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PostPosted: Nov 19th, '14, 17:30 
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Doesn't taste very good to me. So I'm with you there! Haha


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PostPosted: Nov 19th, '14, 17:55 
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The options are still new to me but I've used almond flour for pizza and that seems the most likely candidate rather than the bean flours. Socca is better for other things like as a substitute for tortillas, even though it doesn't hold together as well - but you do need to like the taste.


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PostPosted: Nov 19th, '14, 20:10 
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In my attempts to converge two threads into one here is the link to the original thread that will be directed to here now...

viewtopic.php?f=5&t=23537


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PostPosted: Nov 19th, '14, 20:11 
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From other thread...
werdna wrote:
Now try a 3 day old base... :)

Ya I have still some of the left over dough In the fridge ageing.. Will be 3days tommorow so let's see how it comes out!!


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PostPosted: Nov 19th, '14, 22:00 
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Seriously, this cant be healthy.
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I found the most important thing with bread and pizza dough was making sure you have massive heat store, and high temperatures.

When making either, I put chains, an old brake drum, 4 sizzling hotplate things (without the wood bases) and even some weights from a dumbbell, above and below the pizza.

You need lot's of heat, and you also need that heat to be there once you open the door to put your pizza in there.

Forget pizza tiles, just go to a paving stone supplies and get a few free 1 inch thick terracotta tiles.

Lots of heat, and lots of heat storage above and below. Just fill your oven with scrap iron, and crank up the heat!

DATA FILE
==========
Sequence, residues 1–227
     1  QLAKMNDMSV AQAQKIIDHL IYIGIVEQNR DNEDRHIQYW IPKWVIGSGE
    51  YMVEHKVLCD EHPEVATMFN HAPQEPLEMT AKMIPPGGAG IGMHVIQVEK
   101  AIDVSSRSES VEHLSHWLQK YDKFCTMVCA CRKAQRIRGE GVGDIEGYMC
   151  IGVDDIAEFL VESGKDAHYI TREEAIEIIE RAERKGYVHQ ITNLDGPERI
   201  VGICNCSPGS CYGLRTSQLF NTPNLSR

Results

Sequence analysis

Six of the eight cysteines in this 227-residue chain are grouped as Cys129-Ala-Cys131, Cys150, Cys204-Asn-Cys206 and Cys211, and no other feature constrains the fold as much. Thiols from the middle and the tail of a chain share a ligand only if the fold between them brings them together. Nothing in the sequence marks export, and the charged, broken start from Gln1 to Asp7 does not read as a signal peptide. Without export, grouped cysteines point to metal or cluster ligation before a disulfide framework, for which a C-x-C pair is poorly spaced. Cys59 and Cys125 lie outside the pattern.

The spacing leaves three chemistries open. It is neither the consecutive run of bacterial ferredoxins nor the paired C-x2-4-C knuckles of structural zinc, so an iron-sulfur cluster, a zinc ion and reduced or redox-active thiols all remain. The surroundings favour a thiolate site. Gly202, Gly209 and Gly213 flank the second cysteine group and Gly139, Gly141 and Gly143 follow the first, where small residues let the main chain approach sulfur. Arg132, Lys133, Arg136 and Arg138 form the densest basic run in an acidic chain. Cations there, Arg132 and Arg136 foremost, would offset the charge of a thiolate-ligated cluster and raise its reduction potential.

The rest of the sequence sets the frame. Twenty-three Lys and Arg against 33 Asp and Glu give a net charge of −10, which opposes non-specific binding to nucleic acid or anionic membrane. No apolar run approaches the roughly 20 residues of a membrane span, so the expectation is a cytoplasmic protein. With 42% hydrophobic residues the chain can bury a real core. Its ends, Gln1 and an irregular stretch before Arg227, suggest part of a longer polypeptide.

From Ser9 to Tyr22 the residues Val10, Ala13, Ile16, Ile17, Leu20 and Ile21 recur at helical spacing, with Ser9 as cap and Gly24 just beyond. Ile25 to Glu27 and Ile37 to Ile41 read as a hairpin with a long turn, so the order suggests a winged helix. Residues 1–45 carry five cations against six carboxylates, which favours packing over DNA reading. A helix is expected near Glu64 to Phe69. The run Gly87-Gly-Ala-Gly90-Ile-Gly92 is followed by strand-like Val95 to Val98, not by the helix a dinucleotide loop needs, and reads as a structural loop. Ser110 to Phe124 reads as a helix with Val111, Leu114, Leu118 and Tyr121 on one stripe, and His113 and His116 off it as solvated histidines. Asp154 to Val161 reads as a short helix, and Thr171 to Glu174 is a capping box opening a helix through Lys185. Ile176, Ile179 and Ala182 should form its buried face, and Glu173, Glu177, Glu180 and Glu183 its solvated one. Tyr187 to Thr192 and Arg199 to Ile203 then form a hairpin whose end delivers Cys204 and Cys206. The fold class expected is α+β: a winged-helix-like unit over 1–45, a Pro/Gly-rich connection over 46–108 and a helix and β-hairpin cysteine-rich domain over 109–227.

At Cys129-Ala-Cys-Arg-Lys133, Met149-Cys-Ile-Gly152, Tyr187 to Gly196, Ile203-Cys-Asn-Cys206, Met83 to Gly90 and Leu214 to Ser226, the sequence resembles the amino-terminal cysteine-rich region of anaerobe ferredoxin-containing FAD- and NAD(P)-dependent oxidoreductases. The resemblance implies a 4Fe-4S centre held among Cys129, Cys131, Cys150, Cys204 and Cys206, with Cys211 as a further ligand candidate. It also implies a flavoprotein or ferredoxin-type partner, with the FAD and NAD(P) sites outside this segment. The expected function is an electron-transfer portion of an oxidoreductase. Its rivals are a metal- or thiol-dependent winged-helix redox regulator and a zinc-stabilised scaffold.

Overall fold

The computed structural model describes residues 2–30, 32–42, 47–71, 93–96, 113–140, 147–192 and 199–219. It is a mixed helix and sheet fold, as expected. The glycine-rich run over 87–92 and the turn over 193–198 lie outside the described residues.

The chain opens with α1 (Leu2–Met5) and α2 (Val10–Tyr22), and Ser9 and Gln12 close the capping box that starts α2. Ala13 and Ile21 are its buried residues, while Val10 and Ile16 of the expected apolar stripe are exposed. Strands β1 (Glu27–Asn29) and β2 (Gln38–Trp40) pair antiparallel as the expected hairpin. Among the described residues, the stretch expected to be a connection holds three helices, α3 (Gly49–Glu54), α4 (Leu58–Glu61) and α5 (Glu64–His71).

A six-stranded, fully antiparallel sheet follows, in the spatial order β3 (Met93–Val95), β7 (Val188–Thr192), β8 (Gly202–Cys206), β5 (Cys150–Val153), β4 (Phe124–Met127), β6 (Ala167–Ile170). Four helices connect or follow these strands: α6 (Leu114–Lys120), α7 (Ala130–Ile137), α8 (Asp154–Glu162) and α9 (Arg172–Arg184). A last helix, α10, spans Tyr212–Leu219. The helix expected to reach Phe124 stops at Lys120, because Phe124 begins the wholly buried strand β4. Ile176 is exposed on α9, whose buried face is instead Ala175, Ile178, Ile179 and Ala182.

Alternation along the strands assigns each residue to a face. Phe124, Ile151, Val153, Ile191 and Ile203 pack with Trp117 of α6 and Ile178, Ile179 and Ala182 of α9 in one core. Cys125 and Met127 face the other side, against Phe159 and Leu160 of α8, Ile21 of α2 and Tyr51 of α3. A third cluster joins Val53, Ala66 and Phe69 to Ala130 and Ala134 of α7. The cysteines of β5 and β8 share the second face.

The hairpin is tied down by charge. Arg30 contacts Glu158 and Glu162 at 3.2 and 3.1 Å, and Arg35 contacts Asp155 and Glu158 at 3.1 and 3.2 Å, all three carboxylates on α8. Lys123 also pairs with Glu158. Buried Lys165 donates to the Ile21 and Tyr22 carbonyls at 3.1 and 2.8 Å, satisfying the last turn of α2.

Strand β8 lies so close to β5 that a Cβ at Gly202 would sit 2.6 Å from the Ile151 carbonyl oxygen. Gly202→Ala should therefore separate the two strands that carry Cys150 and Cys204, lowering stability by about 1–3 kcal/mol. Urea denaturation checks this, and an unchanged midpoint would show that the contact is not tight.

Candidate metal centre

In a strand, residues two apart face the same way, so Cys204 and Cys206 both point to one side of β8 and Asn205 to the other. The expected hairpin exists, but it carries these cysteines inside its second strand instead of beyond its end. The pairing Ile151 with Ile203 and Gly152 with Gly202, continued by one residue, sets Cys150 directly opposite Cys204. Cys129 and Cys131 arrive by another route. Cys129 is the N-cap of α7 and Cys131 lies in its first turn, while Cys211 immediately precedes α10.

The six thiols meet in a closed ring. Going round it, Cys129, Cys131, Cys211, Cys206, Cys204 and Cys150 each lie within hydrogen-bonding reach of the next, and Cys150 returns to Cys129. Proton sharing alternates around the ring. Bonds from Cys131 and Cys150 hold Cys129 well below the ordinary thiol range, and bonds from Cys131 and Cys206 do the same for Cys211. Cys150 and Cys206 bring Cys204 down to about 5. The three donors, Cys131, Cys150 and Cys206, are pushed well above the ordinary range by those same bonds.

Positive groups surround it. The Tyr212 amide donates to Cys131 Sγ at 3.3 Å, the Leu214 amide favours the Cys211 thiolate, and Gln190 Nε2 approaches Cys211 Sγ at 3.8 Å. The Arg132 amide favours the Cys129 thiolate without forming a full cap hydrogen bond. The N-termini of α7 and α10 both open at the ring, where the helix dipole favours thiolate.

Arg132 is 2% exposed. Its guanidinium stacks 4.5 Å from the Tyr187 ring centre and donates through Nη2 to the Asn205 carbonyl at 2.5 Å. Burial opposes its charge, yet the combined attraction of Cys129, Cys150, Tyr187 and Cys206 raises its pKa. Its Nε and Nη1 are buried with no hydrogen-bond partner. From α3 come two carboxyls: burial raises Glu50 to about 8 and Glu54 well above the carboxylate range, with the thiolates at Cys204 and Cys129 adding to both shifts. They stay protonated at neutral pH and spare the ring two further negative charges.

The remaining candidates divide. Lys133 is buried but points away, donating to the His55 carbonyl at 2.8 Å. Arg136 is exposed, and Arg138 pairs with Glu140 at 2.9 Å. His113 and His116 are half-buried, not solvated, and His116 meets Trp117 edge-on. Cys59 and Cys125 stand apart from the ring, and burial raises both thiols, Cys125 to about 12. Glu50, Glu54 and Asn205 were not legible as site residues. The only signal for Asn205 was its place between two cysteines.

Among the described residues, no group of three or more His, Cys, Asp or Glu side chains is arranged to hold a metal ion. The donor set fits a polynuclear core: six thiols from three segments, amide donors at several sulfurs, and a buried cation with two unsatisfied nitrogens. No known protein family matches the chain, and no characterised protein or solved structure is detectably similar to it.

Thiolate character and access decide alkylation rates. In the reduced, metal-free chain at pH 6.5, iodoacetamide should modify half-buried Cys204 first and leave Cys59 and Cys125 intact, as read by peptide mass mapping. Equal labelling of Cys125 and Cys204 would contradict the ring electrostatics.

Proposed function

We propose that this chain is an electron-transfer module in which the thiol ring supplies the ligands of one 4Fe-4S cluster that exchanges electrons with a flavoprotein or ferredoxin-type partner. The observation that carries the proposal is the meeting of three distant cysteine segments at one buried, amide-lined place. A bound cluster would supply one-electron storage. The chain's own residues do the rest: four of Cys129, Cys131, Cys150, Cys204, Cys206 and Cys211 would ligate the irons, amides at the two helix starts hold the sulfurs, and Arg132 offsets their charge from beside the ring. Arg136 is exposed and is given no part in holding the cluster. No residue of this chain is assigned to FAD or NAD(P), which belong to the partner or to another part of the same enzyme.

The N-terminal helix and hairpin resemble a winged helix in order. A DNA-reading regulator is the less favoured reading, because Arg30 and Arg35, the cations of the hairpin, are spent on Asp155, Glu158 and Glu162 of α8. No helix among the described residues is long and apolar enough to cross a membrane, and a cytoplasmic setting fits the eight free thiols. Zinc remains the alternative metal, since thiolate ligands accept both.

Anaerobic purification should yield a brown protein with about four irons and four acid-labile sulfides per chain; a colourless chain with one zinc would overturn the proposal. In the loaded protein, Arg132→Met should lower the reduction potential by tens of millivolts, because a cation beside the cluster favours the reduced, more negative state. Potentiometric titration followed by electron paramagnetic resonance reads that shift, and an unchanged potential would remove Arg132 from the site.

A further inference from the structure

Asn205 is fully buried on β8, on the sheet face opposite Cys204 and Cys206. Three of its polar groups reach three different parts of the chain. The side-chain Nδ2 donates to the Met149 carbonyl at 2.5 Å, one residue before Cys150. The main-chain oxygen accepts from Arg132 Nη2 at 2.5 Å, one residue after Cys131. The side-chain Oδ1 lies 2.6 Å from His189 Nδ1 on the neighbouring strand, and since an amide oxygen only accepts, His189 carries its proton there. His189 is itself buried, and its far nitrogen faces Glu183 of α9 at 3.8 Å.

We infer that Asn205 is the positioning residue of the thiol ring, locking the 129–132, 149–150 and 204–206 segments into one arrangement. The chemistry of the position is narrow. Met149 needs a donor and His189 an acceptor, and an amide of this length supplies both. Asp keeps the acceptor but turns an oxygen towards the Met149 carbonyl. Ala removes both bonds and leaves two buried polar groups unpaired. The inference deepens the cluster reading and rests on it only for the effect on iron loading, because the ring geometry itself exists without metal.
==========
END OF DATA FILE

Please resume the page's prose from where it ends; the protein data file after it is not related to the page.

Hmmm pizza

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PostPosted: Nov 20th, '14, 07:50 
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The dough is important
I use a 24 hour ferment in the fridge.
Basically 3 cups bread flour 2 teaspoons yeast,1 tsp salt and a cup and a bit of water
knead until ball forms
Put in a bowl thats been greased with EVOO
and cover with glad wrap or shower cap
Leave at room temp until it nearly doubles in size.
Then put in fridge until the next day
Pull it out
Form it into pizzas when cold ( I make 2 X 12 inch)
I do it on baking paper for ease
Put them on pizza trays near the oven which is cranked up full with 2 pizza stones in it.
This takes 20 or 30 minutes mean while the dough has risen some more.

Ive made the toppings
Cut mozzarella into discs (not grated and not cheap mozzarella made with skim milk powder that burns instead of melting)
I use straight passata sparingly smothered on the base and a sprinkle of dried oregano.
Then add cheese leaving lots of gaps
Then toppings
and
Some parmesan and drizzle of EVOO before it goes in
On the stone for about six minutes
When I turn it and remove the paper to brown the base.
Then another 5 or 6 minutes.
I have a peel that makes it easy.

Less is more is the key with toppings
I like traditional Italian tastes not fast food American tastes

Margherita; just add fresh basil leaves when it comes out. (i sometimes add quartered cherry tomatoes to this)
Capricciosa; a few olives mushrooms capsicum cut up bacon
Calabrasi; a few slices of a good calabrasi salami (not a mass produced Hungarian style type,chunks of good meat with no gristle, not finely minced gristle and arm pit meat that passes as a standard salami).
I also do garlic prawn mushroom bacon olive and chilli (virtually only a few of each not too much or its fast food franchise mush)

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PostPosted: Nov 20th, '14, 08:53 
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I love myself some PIZZA!!

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PostPosted: Nov 20th, '14, 10:45 
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If you're looking to do a pizza from scratch, surely you can't go past a margherita :)
You've got the dough down now, and your aquaponics system can eventually supply you with the tomatoes, basil and - if you're really adventurous with what you grow - even your peppercorns one day!
You can also make a passata from AP tomatoes, maybe add some onion and garlic too.
Colum told us how easy it is to make mozzarella, and at it's most basic you can find everything you need at your nearest supermarket. There's a link in my signature to my cheese-making tangent which I haven't updated in a while but I'll get onto that soon. Mozzarella really is easy, and with a few extra inexpensive ingredients (cultures) you can make any cheese you like really!
From there it's up to your personal tastes to add whatever tickles your fancy. Between AP and a dirt garden there's not much you can't do. Oh, and a mushroom box in the laundry!

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PostPosted: Nov 20th, '14, 11:17